Sunday, 16 October 2011

The (Apollo) Clones are Coming

The Westcott 28" Apollo softbox has been long admired for it's quality of light, but as with most things in life, quality costs. For a long time there were no other softboxes like the Apollos and it appeared that Westcott had survived the attack of the clones (unlike the Lastolite Ezybox), however recently there has been a number of umbrella style hotshoe softboxes appearing: the Westcott Apollo clones are coming.

Westcott's Apollo softbox range had consisted of the 28" and 50" softboxes. As of Oct 2011, Westcott also introduced a 30"x16" stripbox (Apollo Strip #2337) and an 43" octobox (Apollo Orb #2336) to their hotshoe softbox range.

However even before the official launch and stock from Westcott, Chinese clones were already appearing online ready for shipping.

The initial findings of these umbrella-frame-style softboxes are of considerable interest to the amateur/enthusiast market, particularly due to the pricing; the clones can be found for about 1/3 to 1/2 of the cost of the Westcott equivalents.


Westcott products outside of the US (in the UK at least) is pretty sketchy and this has only recently been addressed with their Apollos and limited range of umbrellas being available on Amazon: prior to this the Apollo was only available in Europe, not just UK, from CVP and ordering and delivery wasn't the easiest.

The Apollo clones (branded as Photix or iShoot/PhotoLoving) are readily available via HK/China websites and some ebayers but delivery is slow (~13days) and via couriers that no one has heard of, although I've had all orders arrive. The larger (120cm) Orb clones do appear to be a little less available and similarly for the 50" clones.

Comparison: Physicals

The main physical and easily quantifiable differences can be summarised:
Apollo 28"28" cloneApollo StripStrip clone120cm Orb clone50" clone
diffusion panel65x65cm, stitched to top edge, 3x velcro edges 67x67cm, detachable, 4x velcro edgesno test sample57x85cm, detachable, 4x velcro edges105cm diameter, detachable, velcro edges116x116cm, stitched to top edge, 3x velcro edges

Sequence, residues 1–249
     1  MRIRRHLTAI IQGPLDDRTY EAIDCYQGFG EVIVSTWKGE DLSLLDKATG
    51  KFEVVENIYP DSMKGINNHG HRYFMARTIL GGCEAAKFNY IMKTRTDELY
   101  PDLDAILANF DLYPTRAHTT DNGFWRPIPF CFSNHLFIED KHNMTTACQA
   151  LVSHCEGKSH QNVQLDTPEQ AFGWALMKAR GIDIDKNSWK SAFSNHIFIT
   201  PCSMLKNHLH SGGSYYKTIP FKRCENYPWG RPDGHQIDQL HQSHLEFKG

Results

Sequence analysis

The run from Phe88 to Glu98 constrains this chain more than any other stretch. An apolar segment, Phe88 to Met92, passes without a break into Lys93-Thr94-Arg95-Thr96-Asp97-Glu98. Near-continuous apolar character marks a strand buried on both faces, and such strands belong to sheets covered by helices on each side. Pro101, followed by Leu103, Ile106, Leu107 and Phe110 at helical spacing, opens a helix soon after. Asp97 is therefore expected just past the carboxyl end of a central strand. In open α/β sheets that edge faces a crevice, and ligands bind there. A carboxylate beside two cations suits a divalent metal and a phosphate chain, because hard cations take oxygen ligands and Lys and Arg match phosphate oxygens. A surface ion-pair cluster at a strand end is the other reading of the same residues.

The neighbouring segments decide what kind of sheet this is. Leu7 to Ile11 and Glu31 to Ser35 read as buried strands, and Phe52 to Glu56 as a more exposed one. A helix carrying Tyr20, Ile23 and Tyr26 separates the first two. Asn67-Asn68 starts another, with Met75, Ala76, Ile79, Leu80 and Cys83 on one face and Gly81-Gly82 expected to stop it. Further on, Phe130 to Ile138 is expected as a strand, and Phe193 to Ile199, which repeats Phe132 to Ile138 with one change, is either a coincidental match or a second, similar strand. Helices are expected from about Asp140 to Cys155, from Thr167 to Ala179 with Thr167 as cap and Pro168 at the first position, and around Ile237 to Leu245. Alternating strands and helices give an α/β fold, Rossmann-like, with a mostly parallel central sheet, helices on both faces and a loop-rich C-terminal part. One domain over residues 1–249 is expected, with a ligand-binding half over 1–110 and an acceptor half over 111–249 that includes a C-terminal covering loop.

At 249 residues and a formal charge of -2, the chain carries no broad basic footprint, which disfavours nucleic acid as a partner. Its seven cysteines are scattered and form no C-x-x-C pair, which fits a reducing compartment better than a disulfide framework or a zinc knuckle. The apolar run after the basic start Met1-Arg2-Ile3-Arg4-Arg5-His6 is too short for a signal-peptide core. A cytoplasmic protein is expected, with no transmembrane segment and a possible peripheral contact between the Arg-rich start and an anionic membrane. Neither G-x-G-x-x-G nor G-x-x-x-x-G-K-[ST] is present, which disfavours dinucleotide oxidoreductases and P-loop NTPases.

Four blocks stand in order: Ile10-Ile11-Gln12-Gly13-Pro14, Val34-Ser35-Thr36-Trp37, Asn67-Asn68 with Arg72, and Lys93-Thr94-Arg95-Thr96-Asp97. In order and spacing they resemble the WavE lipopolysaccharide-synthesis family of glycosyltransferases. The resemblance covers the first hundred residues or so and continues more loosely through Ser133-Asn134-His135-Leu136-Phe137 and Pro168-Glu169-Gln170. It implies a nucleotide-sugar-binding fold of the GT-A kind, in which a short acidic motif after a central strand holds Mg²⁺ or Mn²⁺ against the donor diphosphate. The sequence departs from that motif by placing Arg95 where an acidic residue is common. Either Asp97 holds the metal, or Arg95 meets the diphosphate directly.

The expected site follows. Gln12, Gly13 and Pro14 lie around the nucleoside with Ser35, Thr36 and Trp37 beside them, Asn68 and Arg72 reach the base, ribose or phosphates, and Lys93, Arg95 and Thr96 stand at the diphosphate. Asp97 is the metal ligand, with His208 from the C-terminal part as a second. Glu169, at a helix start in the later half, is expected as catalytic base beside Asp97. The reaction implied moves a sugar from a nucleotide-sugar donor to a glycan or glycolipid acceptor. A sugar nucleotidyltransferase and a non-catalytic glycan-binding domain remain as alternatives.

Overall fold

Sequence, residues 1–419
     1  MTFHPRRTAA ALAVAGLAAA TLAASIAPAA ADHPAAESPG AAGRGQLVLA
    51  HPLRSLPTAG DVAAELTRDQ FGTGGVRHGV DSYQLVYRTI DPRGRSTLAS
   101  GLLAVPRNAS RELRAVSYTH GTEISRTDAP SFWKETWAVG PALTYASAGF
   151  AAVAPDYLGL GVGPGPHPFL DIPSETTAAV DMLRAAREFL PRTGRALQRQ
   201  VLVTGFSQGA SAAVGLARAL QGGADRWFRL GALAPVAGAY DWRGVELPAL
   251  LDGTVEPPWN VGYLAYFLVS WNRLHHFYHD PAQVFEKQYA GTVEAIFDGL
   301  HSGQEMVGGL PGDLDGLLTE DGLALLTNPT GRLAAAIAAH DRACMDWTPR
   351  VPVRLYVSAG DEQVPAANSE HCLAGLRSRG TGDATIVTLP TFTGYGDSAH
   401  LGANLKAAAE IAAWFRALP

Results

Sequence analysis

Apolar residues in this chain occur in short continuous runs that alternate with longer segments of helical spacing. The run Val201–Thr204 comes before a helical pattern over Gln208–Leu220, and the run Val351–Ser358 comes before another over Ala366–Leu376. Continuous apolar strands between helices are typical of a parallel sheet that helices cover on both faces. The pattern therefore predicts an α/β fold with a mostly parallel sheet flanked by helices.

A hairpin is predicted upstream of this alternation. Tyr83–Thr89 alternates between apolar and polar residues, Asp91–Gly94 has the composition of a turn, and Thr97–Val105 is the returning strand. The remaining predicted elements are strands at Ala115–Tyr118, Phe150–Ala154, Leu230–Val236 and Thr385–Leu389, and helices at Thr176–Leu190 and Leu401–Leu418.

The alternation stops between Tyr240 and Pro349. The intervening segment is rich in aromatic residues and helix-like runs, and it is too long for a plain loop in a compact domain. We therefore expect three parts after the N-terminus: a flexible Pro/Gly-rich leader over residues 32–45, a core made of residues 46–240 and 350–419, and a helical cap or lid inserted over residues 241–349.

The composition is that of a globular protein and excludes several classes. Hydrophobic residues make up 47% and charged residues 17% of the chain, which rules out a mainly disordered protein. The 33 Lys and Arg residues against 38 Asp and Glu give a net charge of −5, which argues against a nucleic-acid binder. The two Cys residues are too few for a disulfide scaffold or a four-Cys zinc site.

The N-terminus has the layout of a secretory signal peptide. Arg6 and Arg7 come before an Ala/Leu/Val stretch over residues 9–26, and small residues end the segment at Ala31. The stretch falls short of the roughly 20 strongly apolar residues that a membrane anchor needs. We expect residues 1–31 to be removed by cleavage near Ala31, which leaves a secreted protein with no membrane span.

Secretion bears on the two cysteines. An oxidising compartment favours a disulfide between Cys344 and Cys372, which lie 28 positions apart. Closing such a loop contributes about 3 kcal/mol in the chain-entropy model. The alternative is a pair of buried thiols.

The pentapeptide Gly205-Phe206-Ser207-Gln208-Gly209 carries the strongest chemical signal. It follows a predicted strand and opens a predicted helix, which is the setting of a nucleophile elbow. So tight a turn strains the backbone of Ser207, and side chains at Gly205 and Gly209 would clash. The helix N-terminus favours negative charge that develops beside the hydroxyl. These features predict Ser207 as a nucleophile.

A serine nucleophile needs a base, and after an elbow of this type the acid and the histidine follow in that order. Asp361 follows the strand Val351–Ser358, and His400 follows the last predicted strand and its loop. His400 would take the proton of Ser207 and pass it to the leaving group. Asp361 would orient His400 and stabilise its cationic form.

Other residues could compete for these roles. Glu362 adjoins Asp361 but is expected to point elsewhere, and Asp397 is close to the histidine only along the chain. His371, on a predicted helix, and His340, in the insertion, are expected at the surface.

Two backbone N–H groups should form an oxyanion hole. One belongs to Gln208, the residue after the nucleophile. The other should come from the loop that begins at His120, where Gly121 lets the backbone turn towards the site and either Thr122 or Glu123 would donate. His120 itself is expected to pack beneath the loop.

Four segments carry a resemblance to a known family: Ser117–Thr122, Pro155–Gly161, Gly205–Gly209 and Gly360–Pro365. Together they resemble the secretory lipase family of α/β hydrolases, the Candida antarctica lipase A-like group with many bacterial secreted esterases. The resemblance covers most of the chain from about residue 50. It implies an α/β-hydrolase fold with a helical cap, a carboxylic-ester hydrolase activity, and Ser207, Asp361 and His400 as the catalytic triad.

panel recess14.5cm5cm--5cm5cm11cm
depth (panel to back distance)50cm40cm--40cm43cm
output: at panel centre (via SB80dx at 1/8th)f/11 +1/10thf/11 +2/10th--f/11 +3/10thf/11 +7/10thf/8 +5/10th
output: at 6ft (via SB80dx at 1/8th)f/2.0 +6/10thf/2.8 +3/10th--f/2.0 +9/10thf/2.8 +2/10thf/2.8 +1/10th
closed down length91cm71cm90cm76cm89cm123cm
lightstand entry4x 14cm cross zipper, bottom1x 30cm vertical zipper, bottom4x cross zipper, bottom and side1x 22cm vertical zipper, bottom1x 22cm vertical zipper, bottom2x vertical zipper, 45cm

A note about the zippers: the clones have a single zipper of 30cm for the 28" clone and 22cm for strip whilst the Westcotts have 4 zippers creating a cross, where each zipper is 14cm

One complaint that has been made about the Apollo is that due to the flash being inside the softbox, it's a bit painful to having to keep removing the diffusion panel. One way around this is to adjust the flash power via zipper - unfortunately, with the clones this is not very easy unless you have very thin arms.

The 70x70 (28"), 60x90 and 120x120cm (50") softboxes were sourced from PhotoLoving/ebay store and the 120cm Octobox which was from LightUp Foto. PhotoLoving's packaging was significantly better (boxed) than LightUp Foto (plastic sheet wrapping) with both having to endure the postal trip/bangs from China.

Comparison: Panel

The light distribution patterns across the box seem reasonably similar:

Westcott Apollo 282
28" clone/70cm x 70cm
Strip clone
120cm Orb clone
50" clone/120cmm x 120cmm